He is correct that most fixed lens cameras will not pass beyond 380nm. You are not going to get UVB. Getting to UVB is controversial usually even with quartz lens. I am starting to think every new member must rediscover this fact for themselves, though!

Edited by Andy Perrin, 06 October 2018 - 17:55.


#13 Avalon

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Posted 06 October 2018 - 20:20

View PostAndy Perrin, on 06 October 2018 - 17:51, said:

He is correct that most fixed lens cameras will not pass beyond 380nm. You are not going to get UVB. Getting to UVB is controversial usually even with quartz lens. I am starting to think every new member must rediscover this fact for themselves, though!

Ok. Explain why glass lens wont pass beyond 380nm?

#14 Andy Perrin

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Posted 06 October 2018 - 21:18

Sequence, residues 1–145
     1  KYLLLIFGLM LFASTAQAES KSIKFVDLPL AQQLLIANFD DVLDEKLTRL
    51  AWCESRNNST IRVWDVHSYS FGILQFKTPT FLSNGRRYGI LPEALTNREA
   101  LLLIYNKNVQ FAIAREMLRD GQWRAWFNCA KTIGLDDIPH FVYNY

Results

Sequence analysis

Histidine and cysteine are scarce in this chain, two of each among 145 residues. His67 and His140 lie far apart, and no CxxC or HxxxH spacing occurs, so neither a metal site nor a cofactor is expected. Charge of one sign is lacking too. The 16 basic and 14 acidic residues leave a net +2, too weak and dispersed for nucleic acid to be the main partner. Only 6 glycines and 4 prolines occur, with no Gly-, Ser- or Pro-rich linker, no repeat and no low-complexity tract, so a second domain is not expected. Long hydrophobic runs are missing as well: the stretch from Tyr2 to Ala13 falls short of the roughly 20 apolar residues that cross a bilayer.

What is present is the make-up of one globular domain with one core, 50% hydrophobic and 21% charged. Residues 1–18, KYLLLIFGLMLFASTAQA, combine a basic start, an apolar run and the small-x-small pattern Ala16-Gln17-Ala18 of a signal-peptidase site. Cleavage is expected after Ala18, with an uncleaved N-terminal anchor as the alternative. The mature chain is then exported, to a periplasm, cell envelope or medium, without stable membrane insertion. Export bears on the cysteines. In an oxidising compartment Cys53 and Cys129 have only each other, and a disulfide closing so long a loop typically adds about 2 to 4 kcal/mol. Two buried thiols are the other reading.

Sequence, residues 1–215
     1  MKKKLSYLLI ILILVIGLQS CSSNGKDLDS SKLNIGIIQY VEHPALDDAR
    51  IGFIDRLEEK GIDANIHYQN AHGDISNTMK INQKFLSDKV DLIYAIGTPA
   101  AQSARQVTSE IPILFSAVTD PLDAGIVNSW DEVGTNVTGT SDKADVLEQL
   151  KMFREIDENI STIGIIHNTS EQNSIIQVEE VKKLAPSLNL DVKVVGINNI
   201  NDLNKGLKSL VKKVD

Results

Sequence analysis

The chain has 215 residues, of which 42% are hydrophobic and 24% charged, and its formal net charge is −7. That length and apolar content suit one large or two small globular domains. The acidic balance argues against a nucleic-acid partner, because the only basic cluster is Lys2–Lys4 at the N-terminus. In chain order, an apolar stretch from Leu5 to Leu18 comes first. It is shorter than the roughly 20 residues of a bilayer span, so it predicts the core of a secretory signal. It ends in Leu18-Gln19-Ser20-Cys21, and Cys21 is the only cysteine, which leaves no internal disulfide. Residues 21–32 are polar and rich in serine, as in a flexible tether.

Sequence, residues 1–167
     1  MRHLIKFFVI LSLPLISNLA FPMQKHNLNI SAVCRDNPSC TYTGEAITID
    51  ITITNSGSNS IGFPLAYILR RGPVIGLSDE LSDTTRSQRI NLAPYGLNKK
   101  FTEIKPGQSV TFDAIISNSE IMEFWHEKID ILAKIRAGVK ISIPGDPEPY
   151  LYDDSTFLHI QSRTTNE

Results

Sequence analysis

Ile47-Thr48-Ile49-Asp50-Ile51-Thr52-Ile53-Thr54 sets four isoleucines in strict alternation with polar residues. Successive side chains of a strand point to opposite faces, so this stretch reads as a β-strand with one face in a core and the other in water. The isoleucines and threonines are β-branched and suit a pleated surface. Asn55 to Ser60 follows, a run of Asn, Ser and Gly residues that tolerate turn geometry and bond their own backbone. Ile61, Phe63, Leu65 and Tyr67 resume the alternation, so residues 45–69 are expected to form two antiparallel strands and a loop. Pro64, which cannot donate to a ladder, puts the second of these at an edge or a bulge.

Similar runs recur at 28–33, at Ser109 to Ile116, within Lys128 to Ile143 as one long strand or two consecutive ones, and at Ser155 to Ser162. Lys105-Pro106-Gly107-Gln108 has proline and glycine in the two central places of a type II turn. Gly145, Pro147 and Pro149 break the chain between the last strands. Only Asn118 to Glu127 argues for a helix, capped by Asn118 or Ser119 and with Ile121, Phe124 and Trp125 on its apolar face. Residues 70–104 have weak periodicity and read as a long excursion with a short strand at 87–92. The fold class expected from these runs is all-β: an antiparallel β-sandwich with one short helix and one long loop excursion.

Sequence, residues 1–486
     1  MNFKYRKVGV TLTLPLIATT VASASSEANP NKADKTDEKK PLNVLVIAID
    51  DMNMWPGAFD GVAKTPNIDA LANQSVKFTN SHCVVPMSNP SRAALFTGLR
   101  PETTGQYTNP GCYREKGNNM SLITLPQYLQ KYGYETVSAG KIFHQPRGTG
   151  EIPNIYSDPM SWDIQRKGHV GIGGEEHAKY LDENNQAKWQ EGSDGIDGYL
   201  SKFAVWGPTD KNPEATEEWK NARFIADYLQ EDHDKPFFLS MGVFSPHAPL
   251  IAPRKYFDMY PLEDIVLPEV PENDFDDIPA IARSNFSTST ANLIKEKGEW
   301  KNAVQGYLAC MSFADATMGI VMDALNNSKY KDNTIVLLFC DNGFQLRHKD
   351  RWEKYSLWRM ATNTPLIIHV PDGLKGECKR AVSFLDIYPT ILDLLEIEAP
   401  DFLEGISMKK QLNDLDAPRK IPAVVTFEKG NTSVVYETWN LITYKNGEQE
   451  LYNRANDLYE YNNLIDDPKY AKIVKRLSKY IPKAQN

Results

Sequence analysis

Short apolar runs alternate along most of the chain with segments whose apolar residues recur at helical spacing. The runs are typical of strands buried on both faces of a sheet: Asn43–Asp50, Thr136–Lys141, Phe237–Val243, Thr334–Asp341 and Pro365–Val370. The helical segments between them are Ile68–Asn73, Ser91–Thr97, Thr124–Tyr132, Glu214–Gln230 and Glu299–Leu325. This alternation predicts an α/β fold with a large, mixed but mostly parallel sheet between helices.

Not all glass lenses, just the ones typically built in to those kind of cameras. If you check our lens sticky, you can see there is a wide range of passbands for different lenses. It depends very much on the construction of the lens, and things like how many elements, what kind of cements are used, etc.

http://www.ultraviol...capable-lenses/

Edited by Andy Perrin, 06 October 2018 - 21:21.


#15 dabateman

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Posted 06 October 2018 - 21:21

Your camera has 12 elements in 10 groups. You will have coatings on those elements, and optical cement between those groups. This will eliminate a lot of uv.

Yes glass cuts out UV, about 50% per element. Thus why the best uv lens have only 3 glass elements. You can look up transmission spectra for different types of glass. You maybe surprised.

Your sensor reference are linear sensors. Which I haven't thought about modifying in a while. Its interesting as people have used scan heads on Large format cameras, but its tricky. I will have to see if this is a possible modification. The image acquisition times will be in the minutes though.

#16 UlfW

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Posted 07 October 2018 - 08:27